The title of this show references the Dick and Jane primers of the 1940s and 1950s, intended to help new readers associate words with their meaning. The textbooks’ illustrations presented what some would regard as the prototype of a normal American family, white picket fence and all. Block’s use of this reference as the title for her show interrogates this narrative of prescribed gender and relationship roles in multiple ways.
For example, Bedroom Fantasies is part of a series of works in the exhibit that address a young girl’s identity development and desire for being and becoming. The silhouette at the top represents her desire to be a cowboy. The silhouette on the bottom left represents her desire to pee standing up, while the silhouette on the bottom right represents Davy Crockett, a person she always dreamed of being. These bedroom fantasies take place against the backdrop of an exploding atomic bomb during the Atomic Age, regarded as an age of uncertainty. The bomb serves as a metaphor for an imagined life that may, or may not, be actualized.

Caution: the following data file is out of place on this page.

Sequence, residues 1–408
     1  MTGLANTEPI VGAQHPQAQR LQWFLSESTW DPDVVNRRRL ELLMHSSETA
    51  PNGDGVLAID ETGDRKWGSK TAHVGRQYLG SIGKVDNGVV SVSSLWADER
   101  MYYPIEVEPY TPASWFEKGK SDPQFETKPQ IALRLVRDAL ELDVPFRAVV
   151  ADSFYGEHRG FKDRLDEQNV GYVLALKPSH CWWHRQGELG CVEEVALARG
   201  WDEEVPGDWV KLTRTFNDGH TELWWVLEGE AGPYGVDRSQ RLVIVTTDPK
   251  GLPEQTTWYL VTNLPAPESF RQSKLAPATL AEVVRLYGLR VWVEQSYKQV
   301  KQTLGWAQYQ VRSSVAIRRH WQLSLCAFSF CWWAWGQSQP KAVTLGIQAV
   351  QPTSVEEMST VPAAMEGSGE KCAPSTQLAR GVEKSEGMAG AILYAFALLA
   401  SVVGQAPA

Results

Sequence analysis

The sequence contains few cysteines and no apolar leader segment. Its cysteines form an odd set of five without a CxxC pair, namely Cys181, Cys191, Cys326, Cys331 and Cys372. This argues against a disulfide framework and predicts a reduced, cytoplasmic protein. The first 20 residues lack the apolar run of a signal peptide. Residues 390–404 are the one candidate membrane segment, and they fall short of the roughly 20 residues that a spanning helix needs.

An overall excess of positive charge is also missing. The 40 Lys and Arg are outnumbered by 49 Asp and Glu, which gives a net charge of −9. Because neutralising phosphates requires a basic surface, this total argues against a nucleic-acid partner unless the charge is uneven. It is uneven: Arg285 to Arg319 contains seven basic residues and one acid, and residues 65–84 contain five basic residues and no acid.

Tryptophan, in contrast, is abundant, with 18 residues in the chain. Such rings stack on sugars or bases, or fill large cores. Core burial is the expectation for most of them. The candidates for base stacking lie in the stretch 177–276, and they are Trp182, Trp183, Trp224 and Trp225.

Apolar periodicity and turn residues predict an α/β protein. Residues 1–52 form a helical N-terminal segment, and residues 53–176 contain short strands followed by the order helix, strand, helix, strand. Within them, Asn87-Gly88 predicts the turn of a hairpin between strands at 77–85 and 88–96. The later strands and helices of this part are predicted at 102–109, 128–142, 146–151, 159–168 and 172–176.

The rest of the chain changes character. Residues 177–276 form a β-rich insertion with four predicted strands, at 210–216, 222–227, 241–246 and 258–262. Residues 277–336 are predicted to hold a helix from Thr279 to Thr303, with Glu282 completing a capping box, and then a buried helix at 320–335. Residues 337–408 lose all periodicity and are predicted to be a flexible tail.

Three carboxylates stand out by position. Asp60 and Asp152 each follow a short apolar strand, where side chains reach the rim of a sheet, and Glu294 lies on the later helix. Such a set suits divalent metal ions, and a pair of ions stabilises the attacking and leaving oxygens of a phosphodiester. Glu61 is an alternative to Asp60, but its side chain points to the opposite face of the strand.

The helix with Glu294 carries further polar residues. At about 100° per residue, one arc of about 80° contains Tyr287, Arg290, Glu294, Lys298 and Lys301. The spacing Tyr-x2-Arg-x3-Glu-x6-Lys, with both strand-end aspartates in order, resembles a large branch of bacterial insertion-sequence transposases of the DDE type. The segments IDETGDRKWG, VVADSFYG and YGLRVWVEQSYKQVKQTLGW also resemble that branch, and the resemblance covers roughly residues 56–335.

One of the most striking works in the series is The Scream. Here, a young girl has to come to terms with the fact that her bedroom fantasies will not be realized now that she has begun to menstruate. In this moment, Block explains, “she has a real coming to terms with herself in this startled moment of becoming a woman. Realizing that she can’t be a boy, she is forced to learn to see the ‘female’ parts of herself.” Block also describes this work as symbolizing the “uneasy embrace of the feminine” even while one presents as masculine or butch.
In another work, Jane Wants Dick’s Dick, Block continues to explore a girl’s desire to be able to use the bathroom standing up, but also examines a girl’s desire to be a boy and to be able to enter this gendered bathroom, designated for boys. In addition to the ways in which this work speaks to current discussions about bathroom politics, this work, and its title, suggests other questions about sexual and gender identity that Block has contemplated. Does one need a phallus to embrace a longing and desire for aspects of male identity and expression?